Expanding the Music Together Recording Family:
New Voices, New Songs

Over the years, many parents have told us that Music Together songs don’t sound much like “kids’ music.” That’s by design! From the beginning, we’ve focused on creating music that children and parents BOTH want to play on repeat. Thanks to the depth and breadth of our compositions, professional production, and high-caliber recording artists, our music has withstood the test of time—even as it has evolved with the times.

We’ve been busy in the studio, expanding the Music Together repertoire to include different voices and a wider variety of instruments and sounds, in line with our commitment to have music that represents a diverse range of music traditions, cultures, and genres. As the Music Together recording family has grown, we’ve continued our tradition of including singers and instrumentalists who are outstanding in their fields and who more fully represent the diversity of the world we share. We’ve been adding updated versions of classic Music Together tunes and brand new songs to Music Together and Rhythm Kids collections since 2018. The sophisticated, musically rich additions have quickly become family favorites!

Read on for a spotlight of a few of the new songs and artists you’ve been hearing on your Bells recording—plus a sneak peek at what’s coming in Triangle. (Do you know what an oud sounds like? You will soon!)

BELLS: More Originals by the Music Together Coauthors

New Bells Singers

Mary Ellen Assue and Maya Jackson, heard in “Swinging” 

New Bells Instrumentalists:

• Karttikeya, Percussion (Drum Set and Bongos), heard in “Swinging” and “Sixty-Six” 

• Roxy Coss, Tenor Saxophone, heard in “Sixty-Six”

• George Hazelrigg, Piano, heard in “Sixty-Six” and “Swinging” 

Geoff Hazelrigg, Acoustic bass, heard in “Swinging”

This semester, families have been enjoying two new tunes in the 2021 Bells Song Collection, and they have a fun fact in common: Each was written by one of the Music Together coauthors, Ken Guilmartin and Dr. Lili Levinowitz.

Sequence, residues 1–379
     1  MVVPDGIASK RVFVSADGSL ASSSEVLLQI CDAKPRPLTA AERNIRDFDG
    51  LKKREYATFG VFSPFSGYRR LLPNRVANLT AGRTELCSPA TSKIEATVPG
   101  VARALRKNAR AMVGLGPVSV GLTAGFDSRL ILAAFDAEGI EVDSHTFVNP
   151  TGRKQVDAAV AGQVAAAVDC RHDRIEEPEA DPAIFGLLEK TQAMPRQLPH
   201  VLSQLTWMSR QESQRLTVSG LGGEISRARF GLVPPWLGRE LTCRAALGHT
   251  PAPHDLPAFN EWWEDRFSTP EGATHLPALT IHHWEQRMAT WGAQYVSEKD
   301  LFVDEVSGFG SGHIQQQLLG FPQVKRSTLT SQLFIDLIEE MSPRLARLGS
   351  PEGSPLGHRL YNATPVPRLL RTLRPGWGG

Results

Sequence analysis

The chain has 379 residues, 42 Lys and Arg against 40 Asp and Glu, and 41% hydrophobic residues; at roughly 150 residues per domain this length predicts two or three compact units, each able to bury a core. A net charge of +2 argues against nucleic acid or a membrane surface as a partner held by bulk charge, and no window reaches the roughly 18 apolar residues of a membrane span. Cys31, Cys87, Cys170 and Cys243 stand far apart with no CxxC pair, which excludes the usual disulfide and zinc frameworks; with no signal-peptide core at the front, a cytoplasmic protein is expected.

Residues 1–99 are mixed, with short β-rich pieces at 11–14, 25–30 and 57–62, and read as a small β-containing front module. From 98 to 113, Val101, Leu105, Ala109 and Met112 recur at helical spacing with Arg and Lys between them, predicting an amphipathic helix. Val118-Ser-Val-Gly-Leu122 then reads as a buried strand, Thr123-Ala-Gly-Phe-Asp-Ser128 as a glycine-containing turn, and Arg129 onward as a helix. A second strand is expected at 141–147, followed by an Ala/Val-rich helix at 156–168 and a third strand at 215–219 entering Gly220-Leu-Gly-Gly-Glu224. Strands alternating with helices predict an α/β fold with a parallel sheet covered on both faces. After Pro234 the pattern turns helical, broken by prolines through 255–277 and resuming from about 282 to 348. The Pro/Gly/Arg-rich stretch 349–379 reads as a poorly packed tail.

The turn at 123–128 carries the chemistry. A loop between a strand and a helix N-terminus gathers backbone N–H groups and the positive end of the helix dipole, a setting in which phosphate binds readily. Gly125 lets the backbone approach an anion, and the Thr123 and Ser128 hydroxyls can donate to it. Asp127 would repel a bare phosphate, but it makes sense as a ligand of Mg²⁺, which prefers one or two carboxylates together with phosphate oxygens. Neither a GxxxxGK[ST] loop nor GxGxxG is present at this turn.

Swinging, written by Lili, is an updated version of an original, and Sixty-Six, is a brand new, jazz-infused play-along by Ken.

Swinging: The Return of a Music Together Classic
by Dr. Lili Levinowitz

This sweet song was in one of the original Music Together collections (circa 1987!), but it was removed at some point to make way for new material. We’re so glad it resurfaced, with a re-imagining of the recording.

Sixty-Six: A New Play-along
by Music Together Founder Ken Guilmartin

This jazz play-along is a new, original composition by Ken. “Sixty-six” is in honor of the year Ken and his jazz band went on tour in Montreal, Canada. This recording features outstanding jazz musicians selected by Ken, notably including tenor saxophonist Roxy Coss.



Spotlight on Roxy Coss, Tenor Saxophonist

In addition to her work as an award-winning performing artist, saxophonist Roxy Coss is also an educator on the faculty at Juilliard, and an activist who founded the Women In Jazz Organization (WIJO). WIJO intends to help level the playing field in Jazz, so that women and non-binary people have equal opportunity to participate in and contribute to Jazz, leading to an improved and more rich, diverse, and successful art form. They are also committed to honoring Black Americans as the creators of Jazz. Learn more at wearewijo.org.